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A Hop Across the Pond

A Hop Across the Pond

I was in Canada for a wedding, which was the awesome, but because of that, I got to drop by Sheridan, where I first studied glass, and talk to the current third years. I really enjoyed it, I gave a talk about my work, but most interesting was having a conversation with them afterwards, I got to see a bunch of their work, and it was really great to talk with them about it see where they were going and what inspires them. I also got to hold one of Marc Petrovic’s birds that he had done as a demo earlier in the year. They’re completely incredible.
I also got to go to SOFA in Chicago! I’ve enjoyed it in the past, it is often overwhelming, jam-packed and shiny, but full of awesome. Being inside, and since I only had my phone, the pictures I took were terrible! I was very happy to see work by Jeff Zimmer, Alison Kinnaird, Amanda Simmons, Keeryong Choi, and Misun Won at the Craft Scotland booth, which looked fantastic, and to be able to hear Jeff, Che, and Amanda’s talk about working in Scotland. Other highlights for me were Lauren Tickle’s “Currency Converted” jewellery project, Ljubica Knezevic’s “Analytic Concept of Breaking up the Game into Larger or Smaller Operations”, and Mel Douglas’ “Turning Tide #2, Gradient, Linear” (apparently I have similar taste to the people who were judges in “SOFA Selects” so I’ve given you the links to their choices, sine the pictures are of the actual work that was at the show).
On the way to Chicago, we stopped in Detroit. Look, it’s part of the Heidelberg Project:
School of Jiri Harcuba

School of Jiri Harcuba

 
After the Symposium, I was also able to attend the School of Jiri Harcuba. It was a smaller group of us, lead by Pavlina Cambalova that met at the Glass Centre in Sazava, just south of Prague. The week started with the opening of an exhibit of works by Jiri, and it was wonderful to be able to spend more time, seeing them change as the light changed over each day in the week. The Glassworks is a wonderful studio, and if you’ve got a chance to to a workshop there, it is worth going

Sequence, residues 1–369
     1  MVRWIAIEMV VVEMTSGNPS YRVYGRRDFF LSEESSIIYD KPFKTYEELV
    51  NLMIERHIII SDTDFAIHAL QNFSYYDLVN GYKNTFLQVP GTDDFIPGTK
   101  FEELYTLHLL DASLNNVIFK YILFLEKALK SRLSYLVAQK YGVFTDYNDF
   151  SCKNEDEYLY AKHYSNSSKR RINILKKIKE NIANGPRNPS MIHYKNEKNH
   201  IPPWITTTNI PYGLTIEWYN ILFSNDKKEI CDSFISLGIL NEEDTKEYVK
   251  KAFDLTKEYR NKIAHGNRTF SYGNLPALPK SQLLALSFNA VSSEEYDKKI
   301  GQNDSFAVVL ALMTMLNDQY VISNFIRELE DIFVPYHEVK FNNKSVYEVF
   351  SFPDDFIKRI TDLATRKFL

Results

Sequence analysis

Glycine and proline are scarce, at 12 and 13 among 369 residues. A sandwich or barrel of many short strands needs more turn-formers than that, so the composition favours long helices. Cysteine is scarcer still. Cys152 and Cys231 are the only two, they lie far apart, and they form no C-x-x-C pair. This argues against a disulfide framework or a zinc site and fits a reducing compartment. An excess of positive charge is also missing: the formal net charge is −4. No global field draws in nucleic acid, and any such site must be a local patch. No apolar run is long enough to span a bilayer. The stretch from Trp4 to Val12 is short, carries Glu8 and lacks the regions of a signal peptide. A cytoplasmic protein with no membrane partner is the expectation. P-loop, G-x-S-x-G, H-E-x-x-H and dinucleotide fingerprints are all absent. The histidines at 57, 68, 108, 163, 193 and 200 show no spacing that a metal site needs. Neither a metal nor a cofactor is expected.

One of the most amusing things we did over the course of the week was engrave glass slides and tell stories with them:

School of Jiri Harcuba 2014: Engraved Glass Slides from Ainsley Francis on Vimeo.

Put a Bird on it!

Put a Bird on it!

I fear I’ve been falling down on my blogging duties, alas. Anyways. Last weekend was Easter, or since I live in Luxembourg, “buy bird whistles and annoy my cat” day. Otherwise known as Émaishen, it takes place every year on Easter Monday, and it’s name is in reference to the story of the travelers that Jesus met on the road to Emmaus after the resurrection, though it’s so much more about pottery than anything else. The current incarnation of the festival is relatively new, with the market in Luxembourg City’s Fëschmaart (marché aux poissons) dating back to 1938 and the one in nearby Nospelt dating to 1957.
My favorite whistles! Made by Hildegard Schemehl, who can be found on the interwebs here.

Traditionally, Easter Monday corresponded with the celebration of the Guild of Potters that used to take place outside of église Saint Michel, and there is a 1827 document that references a market in front of the church, and recommends that it be moved to marché aux poissions, but there seems to be no reference to the bird whistles being particular to that market at that time (more info). The modern market is huge, spilling out of Fëschmaart into Kneudler and the streets surrounding them and Place d’Armes, and it lasts all day, so since I live downtown, I hear the chirping whistles from dawn to dusk, which I think is quite lovely, even if it does prevent the full enjoyment of a holiday Monday afternoon nap.

The whistles are called péckvillchen, and I’m told that the more typical one is a water whistle, that is has a vessel that is filled with water and sounds like a chirping songbird, though it seems that most of the potters today seem to make ocarina-like coucous, that are played dry and have a couple of tones.

Here’s a recording of one of the water whistles.

I met a potter once on Vancouver Island, I forget his name (edit: I think it was Victor Dufffhues of JoVic Pottery in Chemainus, and wether it was him or not, I have a mug of his that I love to pieces), but when I told him I work in glass, he told me that that he though that all potters are frustrated glass artists… I think the inverse applies to glass artists, at least to me, and going to stuff like this makes me feel it all the more. So I should probably learn to use ceramics. Then I will say I’m an artist who works with fire, which would be awesome.

The market is organized by the comité Alstad in Luxembourg and information on the festival in Nospelt, which goes all weekend, can be found at the Nouspelter Emaischenwebsite.